YOU ARE HERE: LAT HomeCollections

Senate Moves to End D.A.s' Role in Child Support


In a stunning bipartisan rebuke, the state Senate on Thursday overwhelmingly approved a bill to strip California's district attorneys of their responsibility for collecting child support.

The bill by President Pro Tem John Burton and Sen. Adam Schiff (D-Burbank) to create a new statewide network of child support offices passed 29 to 1 after an emotional speech on the Senate floor in which Burton accused district attorneys of scuttling past reforms.

Calling the current system "a disgrace," Burton argued that if lawmakers treated district attorneys as if they were "a county coroner, tax collector or a county dogcatcher, we would take [their responsibilities] away from them in a heartbeat."

"As crazy as it sounds," Burton said later, "right now district attorneys are getting extra money for not accomplishing what they're supposed to in collecting child support."

Though it may have the toughest laws in the nation, California is considered to have one of the worst child support systems, with as much as $8 billion owed to single-parent families. And with 3 million children, most of them on welfare, relying on the program, it affects more children than any state program but public schools.

Critics say a key problem is that district attorneys collect child support at the county level, creating a fragmented network in which it can take months to get money from a debtor parent in one county to a family in another.

But prosecutors, who argue that collections are steadily improving and that they should keep the mammoth program--and the millions of dollars in federal grants that come with it--vowed to fight on to retain jurisdiction.

"It is important to bear in mind that the process is not over," said Larry Brown, executive director of the California District Attorneys Assn.

A spokesman for Los Angeles County Dist. Atty. Gil Garcetti, whose office runs the state's largest and, by most standards, worst child support program, said Garcetti believes prosecutors "can do this job better than anyone else."

Jim Provenza, a lobbyist for the district attorney, added, "But if the state wants to set up a separate county agency, [Garcetti] will not stand in the way."

As a parallel Assembly bill steamed toward a floor vote, the district attorneys association this week took what it acknowledged was an unprecedented step and hired former Assemblyman Phil Isenberg as lobbyist. Isenberg, who will be paid $8,000 a month plus expenses, is close to Gov. Gray Davis, who has not taken a formal position on the child support bills.

Davis' office did not return a call for comment Thursday, but Democratic leaders say they believe the governor recognizes the problems in the system. Yet some advocates remain wary of the district attorneys' political clout.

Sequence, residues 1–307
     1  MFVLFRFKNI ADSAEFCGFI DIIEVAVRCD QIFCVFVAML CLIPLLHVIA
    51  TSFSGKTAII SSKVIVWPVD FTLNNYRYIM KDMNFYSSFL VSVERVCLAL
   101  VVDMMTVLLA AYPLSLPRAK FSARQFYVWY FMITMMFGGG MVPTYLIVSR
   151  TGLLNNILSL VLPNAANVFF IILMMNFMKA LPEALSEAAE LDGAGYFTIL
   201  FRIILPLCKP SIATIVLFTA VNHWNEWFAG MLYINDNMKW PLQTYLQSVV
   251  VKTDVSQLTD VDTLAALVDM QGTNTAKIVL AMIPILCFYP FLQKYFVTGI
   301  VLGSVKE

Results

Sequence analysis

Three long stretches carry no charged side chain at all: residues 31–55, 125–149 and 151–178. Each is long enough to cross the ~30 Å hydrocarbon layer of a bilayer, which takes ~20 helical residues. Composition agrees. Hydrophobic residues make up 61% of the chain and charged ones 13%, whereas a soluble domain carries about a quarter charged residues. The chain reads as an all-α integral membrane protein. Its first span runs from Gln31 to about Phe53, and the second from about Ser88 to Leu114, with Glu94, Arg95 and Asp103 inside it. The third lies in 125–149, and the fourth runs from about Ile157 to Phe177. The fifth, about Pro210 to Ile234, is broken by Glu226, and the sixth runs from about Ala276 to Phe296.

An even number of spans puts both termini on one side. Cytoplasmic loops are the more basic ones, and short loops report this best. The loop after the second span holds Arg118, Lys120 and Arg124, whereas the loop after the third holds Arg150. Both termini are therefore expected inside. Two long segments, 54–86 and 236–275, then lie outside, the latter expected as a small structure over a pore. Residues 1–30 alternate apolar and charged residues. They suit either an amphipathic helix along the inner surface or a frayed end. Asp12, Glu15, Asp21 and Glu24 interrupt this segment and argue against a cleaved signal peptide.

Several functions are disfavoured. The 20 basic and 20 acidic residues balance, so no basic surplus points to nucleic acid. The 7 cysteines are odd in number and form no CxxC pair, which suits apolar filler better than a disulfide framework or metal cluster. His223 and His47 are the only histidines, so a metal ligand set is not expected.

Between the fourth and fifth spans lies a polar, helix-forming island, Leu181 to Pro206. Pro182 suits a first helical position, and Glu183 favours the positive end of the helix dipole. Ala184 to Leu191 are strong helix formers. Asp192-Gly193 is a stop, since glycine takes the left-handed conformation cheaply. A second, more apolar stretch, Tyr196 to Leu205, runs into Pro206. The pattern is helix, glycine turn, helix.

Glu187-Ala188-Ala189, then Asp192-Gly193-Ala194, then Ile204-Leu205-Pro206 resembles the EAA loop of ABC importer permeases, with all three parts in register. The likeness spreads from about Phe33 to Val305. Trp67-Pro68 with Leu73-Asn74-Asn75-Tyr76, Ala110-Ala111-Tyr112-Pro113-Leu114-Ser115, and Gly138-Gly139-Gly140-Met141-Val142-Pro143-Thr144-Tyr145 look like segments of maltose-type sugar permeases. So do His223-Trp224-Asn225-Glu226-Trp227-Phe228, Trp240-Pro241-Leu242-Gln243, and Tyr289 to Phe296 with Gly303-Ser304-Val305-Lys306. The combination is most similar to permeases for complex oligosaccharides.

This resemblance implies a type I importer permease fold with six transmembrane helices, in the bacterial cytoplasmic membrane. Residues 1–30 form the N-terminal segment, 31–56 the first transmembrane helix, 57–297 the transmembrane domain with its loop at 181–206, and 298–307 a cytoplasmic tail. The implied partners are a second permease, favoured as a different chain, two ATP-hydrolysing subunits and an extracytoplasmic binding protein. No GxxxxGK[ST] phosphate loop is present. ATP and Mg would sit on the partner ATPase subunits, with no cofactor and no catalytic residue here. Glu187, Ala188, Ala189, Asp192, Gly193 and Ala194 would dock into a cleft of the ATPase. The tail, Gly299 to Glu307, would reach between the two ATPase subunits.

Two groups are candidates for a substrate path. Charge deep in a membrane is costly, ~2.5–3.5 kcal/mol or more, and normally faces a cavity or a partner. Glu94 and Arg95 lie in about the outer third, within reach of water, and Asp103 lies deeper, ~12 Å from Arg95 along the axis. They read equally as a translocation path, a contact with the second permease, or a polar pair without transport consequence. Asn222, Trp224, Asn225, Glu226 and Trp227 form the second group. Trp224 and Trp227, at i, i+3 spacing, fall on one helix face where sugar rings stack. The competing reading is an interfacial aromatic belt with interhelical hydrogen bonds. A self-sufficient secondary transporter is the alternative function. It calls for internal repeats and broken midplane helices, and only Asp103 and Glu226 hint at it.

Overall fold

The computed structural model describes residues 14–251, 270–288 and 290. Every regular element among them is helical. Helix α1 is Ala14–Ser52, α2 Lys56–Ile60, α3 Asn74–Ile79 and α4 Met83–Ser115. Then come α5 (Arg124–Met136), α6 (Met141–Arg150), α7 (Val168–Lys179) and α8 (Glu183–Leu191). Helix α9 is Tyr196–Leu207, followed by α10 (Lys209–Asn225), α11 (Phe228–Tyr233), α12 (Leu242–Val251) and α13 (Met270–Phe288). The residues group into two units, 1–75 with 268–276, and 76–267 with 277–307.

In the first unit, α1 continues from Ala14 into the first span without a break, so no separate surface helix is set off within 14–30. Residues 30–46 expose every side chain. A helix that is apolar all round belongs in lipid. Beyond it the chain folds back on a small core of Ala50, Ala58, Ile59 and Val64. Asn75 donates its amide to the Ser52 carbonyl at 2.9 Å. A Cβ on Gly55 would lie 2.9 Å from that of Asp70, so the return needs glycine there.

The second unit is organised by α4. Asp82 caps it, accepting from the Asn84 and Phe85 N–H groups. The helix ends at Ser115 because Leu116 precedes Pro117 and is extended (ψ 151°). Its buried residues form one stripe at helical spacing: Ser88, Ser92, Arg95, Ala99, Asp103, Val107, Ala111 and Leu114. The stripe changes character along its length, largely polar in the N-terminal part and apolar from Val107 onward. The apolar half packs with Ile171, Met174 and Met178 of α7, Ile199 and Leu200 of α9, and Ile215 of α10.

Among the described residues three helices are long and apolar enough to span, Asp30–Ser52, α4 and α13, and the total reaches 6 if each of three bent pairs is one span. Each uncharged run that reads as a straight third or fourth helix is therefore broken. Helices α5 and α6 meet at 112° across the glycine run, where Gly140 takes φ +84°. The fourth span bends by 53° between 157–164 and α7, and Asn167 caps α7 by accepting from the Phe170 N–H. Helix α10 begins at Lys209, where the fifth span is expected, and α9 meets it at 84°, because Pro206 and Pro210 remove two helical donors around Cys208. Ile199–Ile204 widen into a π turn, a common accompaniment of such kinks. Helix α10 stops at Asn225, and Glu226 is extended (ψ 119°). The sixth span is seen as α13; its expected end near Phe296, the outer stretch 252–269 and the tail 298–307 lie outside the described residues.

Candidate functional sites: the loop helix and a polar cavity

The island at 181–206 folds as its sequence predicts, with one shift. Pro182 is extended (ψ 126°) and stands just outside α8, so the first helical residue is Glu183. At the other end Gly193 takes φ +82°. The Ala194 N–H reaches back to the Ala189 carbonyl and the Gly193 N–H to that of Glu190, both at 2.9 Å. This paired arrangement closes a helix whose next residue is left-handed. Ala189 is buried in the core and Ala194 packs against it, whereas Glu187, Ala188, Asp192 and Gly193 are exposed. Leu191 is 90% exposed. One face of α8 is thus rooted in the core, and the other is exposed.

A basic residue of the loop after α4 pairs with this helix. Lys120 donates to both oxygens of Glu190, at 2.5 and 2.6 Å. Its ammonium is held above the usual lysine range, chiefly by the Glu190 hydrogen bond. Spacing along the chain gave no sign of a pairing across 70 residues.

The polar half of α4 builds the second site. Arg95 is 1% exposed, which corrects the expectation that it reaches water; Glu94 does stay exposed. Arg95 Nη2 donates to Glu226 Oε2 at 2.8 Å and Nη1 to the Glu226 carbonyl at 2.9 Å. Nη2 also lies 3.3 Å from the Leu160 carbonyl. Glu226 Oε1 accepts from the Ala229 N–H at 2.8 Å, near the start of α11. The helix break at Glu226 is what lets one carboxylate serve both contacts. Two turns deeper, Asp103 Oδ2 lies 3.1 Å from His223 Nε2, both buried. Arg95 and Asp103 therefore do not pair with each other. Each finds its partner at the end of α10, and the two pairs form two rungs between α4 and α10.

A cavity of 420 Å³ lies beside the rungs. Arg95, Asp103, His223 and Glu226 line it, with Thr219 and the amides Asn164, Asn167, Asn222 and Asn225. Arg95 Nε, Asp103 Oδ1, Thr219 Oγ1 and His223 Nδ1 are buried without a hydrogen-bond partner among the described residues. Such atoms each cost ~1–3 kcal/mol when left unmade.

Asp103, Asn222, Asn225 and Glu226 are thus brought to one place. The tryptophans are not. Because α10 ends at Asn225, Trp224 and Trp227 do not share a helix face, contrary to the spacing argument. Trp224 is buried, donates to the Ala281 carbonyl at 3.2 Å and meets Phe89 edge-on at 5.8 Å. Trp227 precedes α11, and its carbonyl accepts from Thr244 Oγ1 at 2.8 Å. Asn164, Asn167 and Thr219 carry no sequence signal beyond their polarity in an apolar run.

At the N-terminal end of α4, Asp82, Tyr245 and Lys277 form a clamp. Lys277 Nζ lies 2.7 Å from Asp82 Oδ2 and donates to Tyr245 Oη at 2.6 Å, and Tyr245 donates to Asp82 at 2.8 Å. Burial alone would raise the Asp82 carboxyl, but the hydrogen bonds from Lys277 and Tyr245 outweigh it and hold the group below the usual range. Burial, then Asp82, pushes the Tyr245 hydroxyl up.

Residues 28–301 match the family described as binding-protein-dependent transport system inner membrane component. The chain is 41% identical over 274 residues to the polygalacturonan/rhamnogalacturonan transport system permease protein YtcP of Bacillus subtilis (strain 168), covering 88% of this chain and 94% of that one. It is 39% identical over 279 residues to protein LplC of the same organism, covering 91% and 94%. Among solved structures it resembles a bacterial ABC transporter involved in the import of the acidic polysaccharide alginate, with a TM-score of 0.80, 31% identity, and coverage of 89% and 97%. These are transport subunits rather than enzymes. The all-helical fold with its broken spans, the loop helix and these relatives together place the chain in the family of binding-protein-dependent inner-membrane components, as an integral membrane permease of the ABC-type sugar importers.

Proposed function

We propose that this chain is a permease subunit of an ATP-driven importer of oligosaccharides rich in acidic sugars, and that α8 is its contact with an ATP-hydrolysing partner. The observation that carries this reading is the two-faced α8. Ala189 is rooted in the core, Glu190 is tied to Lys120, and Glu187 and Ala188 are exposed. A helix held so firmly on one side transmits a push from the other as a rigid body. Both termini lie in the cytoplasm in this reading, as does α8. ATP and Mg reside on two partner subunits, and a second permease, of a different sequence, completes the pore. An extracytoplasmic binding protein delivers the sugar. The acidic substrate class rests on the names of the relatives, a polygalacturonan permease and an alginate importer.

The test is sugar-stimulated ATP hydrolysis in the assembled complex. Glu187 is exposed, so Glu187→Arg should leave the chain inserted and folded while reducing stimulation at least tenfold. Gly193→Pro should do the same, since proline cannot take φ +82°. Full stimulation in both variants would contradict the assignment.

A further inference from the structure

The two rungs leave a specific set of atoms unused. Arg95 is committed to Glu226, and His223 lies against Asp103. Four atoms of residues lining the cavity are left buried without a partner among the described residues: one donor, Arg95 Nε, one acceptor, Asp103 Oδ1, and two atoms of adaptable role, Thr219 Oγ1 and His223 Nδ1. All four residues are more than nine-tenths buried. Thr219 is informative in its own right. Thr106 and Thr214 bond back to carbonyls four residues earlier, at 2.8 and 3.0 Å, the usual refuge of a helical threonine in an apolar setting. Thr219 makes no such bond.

"The real work is just beginning," said Leora Gershenzon of the National Center for Youth Law. "The closer we get, the harder the fight is going to be."

But Schiff, the coauthor of the Senate bill, said he believes momentum is on the side of reform.

"I don't underestimate the influence the D.A.s have with the Legislature, but by the same token, I don't underestimate the profound dissatisfaction of the public," Schiff said. "I frankly think those voices are a whole lot louder than the district attorneys, and those are the voices I am listening to and the ones, I believe, the governor will listen to."

Added Nora O'Brien of the Assn. of Children for the Enforcement of Support: "There's more families owed support than there are D.A.s."

Low Rate of Collections

The influential California District Attorneys Assn. for years has killed efforts to remove child support from prosecutors' offices. But after a Times report last year showed how Los Angeles' program was both the state's largest and its worst, failing to collect money nine times out of 10 and annually billing thousands of men erroneously, legislators pledged wide reform.

Those efforts have leapt onto the fast track in Sacramento, as lawmakers have tried to outmaneuver district attorneys and restructure the program to lay the foundation for the state's third stab at building a statewide child support computer.

Two previous efforts to build the federally mandated system failed, with some critics blaming prosecutors for refusing to unify behind a single design. Federal penalties that began accruing this year could reach $4.7 billion, and legislators argue that building a unified computer first requires an overhaul of the state's fragmented child support network.

Burton has been pushing hard for his bill, killing an alternative proposal to keep the program with district attorneys and moving his proposal to the floor Thursday morning with surprising speed.

An Assembly bill by Assemblywoman Sheila Kuehl (D-Santa Monica) that would also strip child support from prosecutors cleared its final committee Wednesday and backers are optimistic that it will pass the lower house next week.

Los Angeles Times Articles